Thursday, July 2, 2015

Paleo Diet: Eating Differently from Everyone Else is Fine!

I've been seeing more and more articles by women (it's always women) whose heads have exploded trying to figure out life without yogurt and cupcakes. Oh, the shenanigans they get up to: bathroom problems from stuffing themselves with vegetables, paleo baked goods that don't taste the same as ones from the bakery, and especially the irresistible urge to eat "normally."

The technical problems aren't hard to sort out: substitutes like baked goods will taste different because they are different, but an adjustment period of a few months will make those foods taste normal. And whatever you eat, don't stuff yourself. First, though, read a book by Loren Cordain or Mark Sisson to learn about the paleo diet before diving in.

The articles I keep reading, though, have more to do with attitude: the urge to be exactly like everybody else or the urge to be helpless. If you're in the second category, I can't, by definition, help you. If you'd rather be Lucille Ball on I Love Lucy than be Unbreakable Kimmy Schmidt, go for it. But wanting to be like everybody else?

It's not often mentioned, but conformity as a trend comes and goes, and it's all the rage right now. Young people have grown up with helicopter parents, Facebook, and constant contact with friends and family. This is fine if it suits you, but it promotes a great deal of conformity and makes it hard to be different, especially if you haven't known another way. And there is another way.

Just twenty years ago, independence was still a virtue. It had been for decades. Breaking away, finding yourself, and doing you own thing were what people did in the 1960s and 1970s. Young people split from the family home, questioned beliefs, and experimented with different lifestyles and religions. Parents didn't take off work to go to school plays. Boys over the age of 13 didn't need a wingman; at age 16, my ex-jerk was living on his own. As late as the 1980s and 1990s when I was a teenager and young adult, young people moved out of their parents' home in their late teens and early 20s--an older person living at home was called a 30-year-old baby. My parents didn't know what school I went to my first year of college (a lot of kids funded their own education or got scholarships). You could get in trouble for getting personal calls at work. And there was no doggie daycare. In other words, we were more independent.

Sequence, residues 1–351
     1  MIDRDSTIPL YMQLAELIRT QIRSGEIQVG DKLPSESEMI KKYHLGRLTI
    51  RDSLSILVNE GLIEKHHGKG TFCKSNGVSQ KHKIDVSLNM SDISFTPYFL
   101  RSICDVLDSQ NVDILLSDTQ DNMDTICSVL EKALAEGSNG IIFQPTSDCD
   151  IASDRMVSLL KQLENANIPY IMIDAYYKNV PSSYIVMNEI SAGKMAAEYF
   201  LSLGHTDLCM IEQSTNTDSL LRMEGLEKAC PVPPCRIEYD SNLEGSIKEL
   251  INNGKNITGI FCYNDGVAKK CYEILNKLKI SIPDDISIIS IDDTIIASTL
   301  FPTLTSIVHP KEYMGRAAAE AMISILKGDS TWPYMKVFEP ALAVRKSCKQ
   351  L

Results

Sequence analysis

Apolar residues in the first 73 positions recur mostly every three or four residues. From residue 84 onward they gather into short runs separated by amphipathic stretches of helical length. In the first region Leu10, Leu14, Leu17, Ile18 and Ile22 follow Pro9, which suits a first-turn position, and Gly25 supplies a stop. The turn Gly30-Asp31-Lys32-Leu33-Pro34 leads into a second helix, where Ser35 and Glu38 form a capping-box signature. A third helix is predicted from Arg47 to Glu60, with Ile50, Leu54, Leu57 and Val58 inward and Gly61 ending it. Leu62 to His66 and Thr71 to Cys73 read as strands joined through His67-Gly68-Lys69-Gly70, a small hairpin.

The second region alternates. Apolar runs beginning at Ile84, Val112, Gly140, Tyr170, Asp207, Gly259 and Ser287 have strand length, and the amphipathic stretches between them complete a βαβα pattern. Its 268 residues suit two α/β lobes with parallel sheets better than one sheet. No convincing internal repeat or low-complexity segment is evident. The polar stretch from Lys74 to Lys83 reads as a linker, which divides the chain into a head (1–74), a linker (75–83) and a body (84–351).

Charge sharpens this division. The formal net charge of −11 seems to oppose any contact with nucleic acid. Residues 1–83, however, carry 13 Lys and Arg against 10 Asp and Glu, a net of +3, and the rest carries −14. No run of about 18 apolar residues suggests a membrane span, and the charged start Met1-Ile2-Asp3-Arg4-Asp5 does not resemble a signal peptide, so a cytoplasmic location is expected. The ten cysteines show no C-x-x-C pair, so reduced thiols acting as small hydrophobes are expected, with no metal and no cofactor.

Young people now can be more independent too, if they want, but it will look different. Mostly, realize that doing something different from your friends and family is fine. Keeping some privacy is fine, too--and may make it easier to do a paleo diet. Friends can and do sabotage each other. Maybe it's jealousy, maybe it's because one person's self-improvement makes them realize they need to get off their own butt and do something. Well-meaning family members who haven't done any research might bug you with their worries. In any case, be easy-going with them about your paleo diet. If your friends go out for cupcakes, just get some coffee or tea without preaching about the evils of flour and sugar. If you've had great results from going paleo, it's tempting to shout it from the rooftops, but most people don't want to hear it. By all means, talk about it with people who really seem interested, make some internet friends or join a meetup group of like-minded people, but don't bore your friends and family.

Think of doing a paleo diet as reviving a recent tradition a lot of us still practice--the tradition of doing your own thing.